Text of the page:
U.S. oil output will peak at a 43-year high in 2015 as producers work through a backlog of uncompleted wells before trailing off in the second half of the year.
Production will increase to 9.43 million barrels a day this year, the most since 1972, the Energy Information Administration said Tuesday in its monthly Short-Term Energy Outlook. That’s 240,000 barrels higher than last month’s estimate. Monthly output will fall in June through early 2016.
The U.S. is producing more oil this year even as the number of oil rigs slid to the least since August 2010 in response to last year’s price crash. Prices are still high enough to support drilling in key shale formations in North Dakota, Texas and other states.
“Production has increased as producers work through the backlog of uncompleted wells,” the EIA said in the report. “Projected 2015 oil prices remain high enough to support continued development drilling in the core areas of the Bakken, Eagle Ford, Niobrara, and Permian basins.”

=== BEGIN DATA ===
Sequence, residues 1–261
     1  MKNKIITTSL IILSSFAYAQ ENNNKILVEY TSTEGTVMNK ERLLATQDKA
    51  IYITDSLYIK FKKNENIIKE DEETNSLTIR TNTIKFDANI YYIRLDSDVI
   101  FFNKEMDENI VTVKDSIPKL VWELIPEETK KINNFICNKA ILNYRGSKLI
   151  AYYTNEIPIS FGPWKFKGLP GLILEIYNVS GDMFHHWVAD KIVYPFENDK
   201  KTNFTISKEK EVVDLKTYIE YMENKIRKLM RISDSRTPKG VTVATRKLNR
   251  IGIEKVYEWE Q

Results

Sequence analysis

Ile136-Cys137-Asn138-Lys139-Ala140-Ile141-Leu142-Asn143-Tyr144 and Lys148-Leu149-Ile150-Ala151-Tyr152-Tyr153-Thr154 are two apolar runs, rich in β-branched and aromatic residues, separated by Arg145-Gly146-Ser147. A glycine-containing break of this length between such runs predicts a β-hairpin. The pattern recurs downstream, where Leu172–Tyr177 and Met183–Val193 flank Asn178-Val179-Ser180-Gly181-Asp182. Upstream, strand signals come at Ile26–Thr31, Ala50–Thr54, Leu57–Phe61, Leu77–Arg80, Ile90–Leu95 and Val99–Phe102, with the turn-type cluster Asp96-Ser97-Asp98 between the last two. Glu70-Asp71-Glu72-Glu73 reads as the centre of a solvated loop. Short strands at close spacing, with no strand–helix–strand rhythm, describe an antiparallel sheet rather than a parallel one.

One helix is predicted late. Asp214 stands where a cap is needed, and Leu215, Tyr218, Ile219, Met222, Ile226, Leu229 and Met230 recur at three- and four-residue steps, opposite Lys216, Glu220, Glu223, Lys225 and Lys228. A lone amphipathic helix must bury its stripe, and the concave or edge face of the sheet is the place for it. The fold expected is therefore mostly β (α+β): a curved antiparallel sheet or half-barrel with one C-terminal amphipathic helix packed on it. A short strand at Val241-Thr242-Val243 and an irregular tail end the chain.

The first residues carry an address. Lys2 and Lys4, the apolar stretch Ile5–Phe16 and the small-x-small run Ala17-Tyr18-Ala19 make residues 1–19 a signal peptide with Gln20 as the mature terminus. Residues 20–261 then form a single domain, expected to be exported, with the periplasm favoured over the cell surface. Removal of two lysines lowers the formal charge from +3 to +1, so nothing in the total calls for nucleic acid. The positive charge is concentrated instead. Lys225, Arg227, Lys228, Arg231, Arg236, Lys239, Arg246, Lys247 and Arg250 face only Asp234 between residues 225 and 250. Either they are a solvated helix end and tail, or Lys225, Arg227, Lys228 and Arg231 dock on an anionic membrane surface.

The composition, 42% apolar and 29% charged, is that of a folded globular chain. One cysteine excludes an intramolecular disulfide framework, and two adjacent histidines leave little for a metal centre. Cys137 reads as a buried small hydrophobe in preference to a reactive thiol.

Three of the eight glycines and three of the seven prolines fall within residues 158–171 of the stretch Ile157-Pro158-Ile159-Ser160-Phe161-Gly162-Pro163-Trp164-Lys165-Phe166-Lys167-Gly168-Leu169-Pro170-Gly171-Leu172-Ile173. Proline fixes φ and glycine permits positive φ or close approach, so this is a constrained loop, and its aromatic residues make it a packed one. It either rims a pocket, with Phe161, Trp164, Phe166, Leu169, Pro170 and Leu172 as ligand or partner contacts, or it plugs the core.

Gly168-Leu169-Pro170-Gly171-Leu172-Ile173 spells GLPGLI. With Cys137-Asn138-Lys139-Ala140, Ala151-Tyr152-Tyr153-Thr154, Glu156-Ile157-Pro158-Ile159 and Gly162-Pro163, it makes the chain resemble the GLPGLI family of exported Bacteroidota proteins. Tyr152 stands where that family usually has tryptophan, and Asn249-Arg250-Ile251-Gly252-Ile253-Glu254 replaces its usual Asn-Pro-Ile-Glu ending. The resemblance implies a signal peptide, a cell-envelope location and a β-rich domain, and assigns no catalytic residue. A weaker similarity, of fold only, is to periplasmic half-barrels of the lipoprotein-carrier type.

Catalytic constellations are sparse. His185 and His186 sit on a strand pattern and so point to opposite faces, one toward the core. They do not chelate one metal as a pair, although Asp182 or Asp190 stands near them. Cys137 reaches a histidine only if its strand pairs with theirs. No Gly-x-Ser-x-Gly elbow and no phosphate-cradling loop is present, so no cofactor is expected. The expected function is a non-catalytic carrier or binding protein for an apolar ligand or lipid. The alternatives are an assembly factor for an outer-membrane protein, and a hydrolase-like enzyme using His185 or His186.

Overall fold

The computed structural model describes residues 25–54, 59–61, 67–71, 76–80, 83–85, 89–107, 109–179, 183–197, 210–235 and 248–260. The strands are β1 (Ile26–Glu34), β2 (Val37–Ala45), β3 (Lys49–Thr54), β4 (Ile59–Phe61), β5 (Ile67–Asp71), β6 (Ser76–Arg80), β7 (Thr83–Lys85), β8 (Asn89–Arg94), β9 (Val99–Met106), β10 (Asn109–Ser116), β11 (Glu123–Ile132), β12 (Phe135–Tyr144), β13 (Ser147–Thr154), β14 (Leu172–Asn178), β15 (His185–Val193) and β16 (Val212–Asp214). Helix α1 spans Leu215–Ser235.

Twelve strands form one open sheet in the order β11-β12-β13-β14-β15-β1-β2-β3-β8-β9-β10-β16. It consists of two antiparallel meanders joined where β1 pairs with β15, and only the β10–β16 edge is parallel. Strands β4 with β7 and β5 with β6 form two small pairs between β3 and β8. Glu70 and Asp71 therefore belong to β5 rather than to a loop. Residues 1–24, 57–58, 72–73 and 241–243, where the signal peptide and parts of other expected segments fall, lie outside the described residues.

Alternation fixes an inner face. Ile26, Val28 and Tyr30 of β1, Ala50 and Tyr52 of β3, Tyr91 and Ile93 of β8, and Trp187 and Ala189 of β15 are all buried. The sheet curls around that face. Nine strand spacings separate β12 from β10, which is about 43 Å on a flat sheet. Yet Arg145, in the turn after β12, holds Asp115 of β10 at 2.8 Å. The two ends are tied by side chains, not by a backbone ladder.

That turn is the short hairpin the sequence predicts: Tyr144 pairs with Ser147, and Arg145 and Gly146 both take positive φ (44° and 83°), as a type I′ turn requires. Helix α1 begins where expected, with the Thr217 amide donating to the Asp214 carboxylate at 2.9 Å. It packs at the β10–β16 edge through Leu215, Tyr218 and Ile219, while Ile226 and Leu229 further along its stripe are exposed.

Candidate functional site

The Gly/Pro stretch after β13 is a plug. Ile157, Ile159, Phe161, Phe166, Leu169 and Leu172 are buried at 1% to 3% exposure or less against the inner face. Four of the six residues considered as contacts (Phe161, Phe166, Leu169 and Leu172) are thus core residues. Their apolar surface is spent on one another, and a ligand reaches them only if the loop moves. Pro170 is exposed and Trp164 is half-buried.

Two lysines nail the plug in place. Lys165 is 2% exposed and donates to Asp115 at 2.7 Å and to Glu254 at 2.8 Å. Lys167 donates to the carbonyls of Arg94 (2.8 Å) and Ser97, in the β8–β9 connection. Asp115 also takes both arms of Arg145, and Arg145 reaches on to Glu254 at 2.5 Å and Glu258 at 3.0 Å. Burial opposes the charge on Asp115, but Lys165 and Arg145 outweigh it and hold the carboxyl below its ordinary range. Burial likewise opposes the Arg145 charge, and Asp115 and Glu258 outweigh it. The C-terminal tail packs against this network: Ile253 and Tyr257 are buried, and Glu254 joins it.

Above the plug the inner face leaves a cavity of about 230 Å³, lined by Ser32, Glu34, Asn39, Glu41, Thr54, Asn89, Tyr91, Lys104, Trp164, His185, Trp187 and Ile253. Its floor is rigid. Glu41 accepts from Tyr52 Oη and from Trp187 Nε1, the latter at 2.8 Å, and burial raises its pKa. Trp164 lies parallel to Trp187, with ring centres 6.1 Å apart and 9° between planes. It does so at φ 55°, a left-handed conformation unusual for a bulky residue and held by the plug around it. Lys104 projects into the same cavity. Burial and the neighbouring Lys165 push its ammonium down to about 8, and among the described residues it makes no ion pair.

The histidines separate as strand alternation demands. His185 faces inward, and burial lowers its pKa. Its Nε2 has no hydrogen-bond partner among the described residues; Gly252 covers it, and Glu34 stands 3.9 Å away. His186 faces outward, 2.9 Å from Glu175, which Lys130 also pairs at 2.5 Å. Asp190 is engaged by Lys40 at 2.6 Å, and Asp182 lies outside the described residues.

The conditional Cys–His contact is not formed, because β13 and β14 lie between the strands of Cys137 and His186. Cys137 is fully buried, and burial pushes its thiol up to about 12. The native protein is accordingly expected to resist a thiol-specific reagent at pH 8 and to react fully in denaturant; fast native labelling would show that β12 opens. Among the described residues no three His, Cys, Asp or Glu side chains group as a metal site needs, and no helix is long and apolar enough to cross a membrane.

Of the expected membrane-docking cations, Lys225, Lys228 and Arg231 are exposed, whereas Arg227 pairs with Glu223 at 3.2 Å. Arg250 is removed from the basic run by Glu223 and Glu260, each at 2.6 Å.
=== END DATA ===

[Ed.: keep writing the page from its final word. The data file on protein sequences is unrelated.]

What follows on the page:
The increase in this year’s production forecast reflects revisions to estimated output in the first quarter, the EIA said. Oil production in May reached 9.59 million barrels a day, also the highest level since 1972.
“U.S. oil production since mid-2014 has been more resilient to lower crude prices than many had expected,” EIA Administrator Adam Sieminski said in an e-mailed statement.
Published: September 6, 2015